When it’s not overtly about race, some said, it is about expectations based on color and gender. Backers of McCarthy tried in vain to suggest his victory wasn’t that shameful but even they knew that reactive stereotyping drove the campaign. This Lady Justice didn’t just peek out from under her blindfold; she ripped off her white hood.
Lawyers were united in how deeply McCarthy had violated the codes of judicial ethics and the principles of fairness – and then how he added fuel by saying he was “very proud” of the contest he had run.
A few right wingers tried to argue that there was an issue of judicial philosophy here (something more than “Butler smart, the other guy dumb”). But even law and order judges were pointing out how McCarthy said flatly that a prosecutor, even one with so poor a record, was more important to the judicial system than a public defender. The ads on his behalf suggested that anyone accused is a criminal and that only victims, not criminals, deserve justice. It was not just lousy syllogisms and red-meat rhetoric; it turns the US Constitution on its head. And it resulted in the election of a real judicial activist -- on the side of big money.
Members of the legal community, not just leftist Democrats, indicated the issue isn’t over by any means.
The perpetrators already face a political rebellion to change the rules on judicial races. There are also moves to firm up the legislation on corporate liability that McCarthy ‘s money bags hoped to influence by having a justice in their hip pocket.
This race alone will occupy the courts, just as Annette Ziegler’s win last year did, after she disguised her bias in favor of big business. Of course, McCarthy would happily pay fines and take a slap on the wrist as she did -- as long as he can remain on the bench. But not so fast. The first slap is an eloquent brief by Citizen Action of Wisconsin that details the blunt violations of the official code of ethics.
And there are other issues hanging.
One is an investigation of collusion between McCarthy’s camp (which seemed to release its ads in lip-synch with third party ads, which would be against the law). Another allegation, which could rise to a felony, is the use of state office to solicit political contributions, illegal even if the candidate reimburses for phone calls after the fact.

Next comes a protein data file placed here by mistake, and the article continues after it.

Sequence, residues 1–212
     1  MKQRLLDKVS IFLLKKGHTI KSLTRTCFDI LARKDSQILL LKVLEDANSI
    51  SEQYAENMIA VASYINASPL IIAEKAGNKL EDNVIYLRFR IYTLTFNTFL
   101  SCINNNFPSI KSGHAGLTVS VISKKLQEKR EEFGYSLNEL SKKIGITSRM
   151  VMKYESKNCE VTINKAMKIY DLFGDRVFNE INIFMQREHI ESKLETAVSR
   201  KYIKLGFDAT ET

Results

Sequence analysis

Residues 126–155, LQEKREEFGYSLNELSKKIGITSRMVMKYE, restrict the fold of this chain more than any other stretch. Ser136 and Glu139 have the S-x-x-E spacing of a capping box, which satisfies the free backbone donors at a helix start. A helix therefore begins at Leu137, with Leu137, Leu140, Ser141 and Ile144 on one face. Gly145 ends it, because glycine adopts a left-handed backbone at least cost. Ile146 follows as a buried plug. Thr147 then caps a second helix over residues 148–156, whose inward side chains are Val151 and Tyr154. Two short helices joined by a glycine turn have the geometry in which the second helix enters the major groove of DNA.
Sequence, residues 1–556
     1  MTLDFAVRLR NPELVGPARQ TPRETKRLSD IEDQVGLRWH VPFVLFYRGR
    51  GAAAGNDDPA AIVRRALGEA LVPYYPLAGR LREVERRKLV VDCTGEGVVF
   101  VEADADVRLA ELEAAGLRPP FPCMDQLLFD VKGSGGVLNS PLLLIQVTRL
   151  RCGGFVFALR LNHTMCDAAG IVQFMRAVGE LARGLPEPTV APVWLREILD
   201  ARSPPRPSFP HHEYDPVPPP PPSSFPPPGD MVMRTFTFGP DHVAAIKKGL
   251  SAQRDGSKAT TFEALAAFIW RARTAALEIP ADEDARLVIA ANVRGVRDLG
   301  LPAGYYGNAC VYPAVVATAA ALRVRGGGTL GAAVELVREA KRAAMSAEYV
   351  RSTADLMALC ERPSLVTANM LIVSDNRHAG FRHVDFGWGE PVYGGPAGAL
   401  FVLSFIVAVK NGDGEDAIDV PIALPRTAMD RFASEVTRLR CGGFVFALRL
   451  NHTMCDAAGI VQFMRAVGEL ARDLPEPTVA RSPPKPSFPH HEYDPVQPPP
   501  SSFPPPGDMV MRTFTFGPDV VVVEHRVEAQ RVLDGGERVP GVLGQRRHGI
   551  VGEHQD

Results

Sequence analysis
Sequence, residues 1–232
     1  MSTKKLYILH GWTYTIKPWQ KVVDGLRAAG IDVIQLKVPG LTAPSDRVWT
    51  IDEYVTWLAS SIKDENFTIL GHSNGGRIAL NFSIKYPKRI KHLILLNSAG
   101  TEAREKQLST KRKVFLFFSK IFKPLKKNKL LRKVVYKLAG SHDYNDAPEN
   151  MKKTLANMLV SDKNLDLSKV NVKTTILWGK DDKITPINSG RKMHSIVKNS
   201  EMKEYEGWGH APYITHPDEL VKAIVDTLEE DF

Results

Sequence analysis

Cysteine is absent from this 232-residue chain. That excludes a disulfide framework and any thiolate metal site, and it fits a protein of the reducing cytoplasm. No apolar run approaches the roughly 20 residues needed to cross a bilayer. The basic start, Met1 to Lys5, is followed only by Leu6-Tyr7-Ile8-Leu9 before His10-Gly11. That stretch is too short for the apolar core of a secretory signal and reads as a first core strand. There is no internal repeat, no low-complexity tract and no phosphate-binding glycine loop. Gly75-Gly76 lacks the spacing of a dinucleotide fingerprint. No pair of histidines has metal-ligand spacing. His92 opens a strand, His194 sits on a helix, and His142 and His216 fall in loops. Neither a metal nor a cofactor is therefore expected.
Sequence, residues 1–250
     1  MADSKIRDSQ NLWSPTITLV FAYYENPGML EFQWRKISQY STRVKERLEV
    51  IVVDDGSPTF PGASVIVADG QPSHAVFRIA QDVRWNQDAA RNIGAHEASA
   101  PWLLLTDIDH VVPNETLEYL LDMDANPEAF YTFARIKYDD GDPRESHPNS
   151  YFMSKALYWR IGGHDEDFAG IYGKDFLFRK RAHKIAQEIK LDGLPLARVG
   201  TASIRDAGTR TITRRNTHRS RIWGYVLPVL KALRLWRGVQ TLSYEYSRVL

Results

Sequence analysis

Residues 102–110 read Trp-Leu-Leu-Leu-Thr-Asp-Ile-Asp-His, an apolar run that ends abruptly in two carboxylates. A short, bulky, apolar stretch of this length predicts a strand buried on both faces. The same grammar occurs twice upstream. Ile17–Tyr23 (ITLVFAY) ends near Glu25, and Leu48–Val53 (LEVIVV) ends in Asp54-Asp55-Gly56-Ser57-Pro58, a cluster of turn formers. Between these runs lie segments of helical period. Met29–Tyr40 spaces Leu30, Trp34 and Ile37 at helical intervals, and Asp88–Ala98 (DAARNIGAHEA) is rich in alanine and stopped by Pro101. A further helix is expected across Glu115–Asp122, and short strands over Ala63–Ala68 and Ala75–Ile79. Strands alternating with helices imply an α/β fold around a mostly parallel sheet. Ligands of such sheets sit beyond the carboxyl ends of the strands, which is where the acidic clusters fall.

But Butler supporters railing against Waukesha County and northern regions should also look again at Milwaukee County. With better progressive turnout, Butler could have won right here.
The conservative communities did what was expected, however removed it may seem from reality. (Milwaukee magazine editor Bruce Murphy pointed out that urban AND rural areas suffering high crime rates actually voted more for Butler, suggesting it is those perfectly safe who check under the beds and voted for McCarthy.)
Butler took Milwaukee County by 58% but that still means that 42% supported McCarthy. Rural and urban, the negative ads worked, and the further they wandered from any truth – without the media standing up in horror -- the more people thought there must be something to them.
Think of the union member enthusiastically voting for Lena Taylor and even for Jan Balistrieri (a losing candidate for supervisor) but telling the pollster “he wouldn’t vote for Butler because he wanted to protect his grandchildren.”
Wisconsin, and America, have gone through such bouts of bad thinking and clouded emotionalism before, and probably will again. Supporters of the ousted justice have to control their genuine outrage and anger. They can take a tip from the one person who retained integrity during a shattering disappointment: Butler himself.
Rather than rail against the heavens, and without disguising how badly he believes his opponent misbehaved and the voters were misled, he said simply and publicly that he accepted “the will of the people.”
The readers who actually paid attention to the election may notice that the guy taking Butler’s seat isn’t named McCarthy. In terms of his tactics and moral weakness, it seems an appropriate license.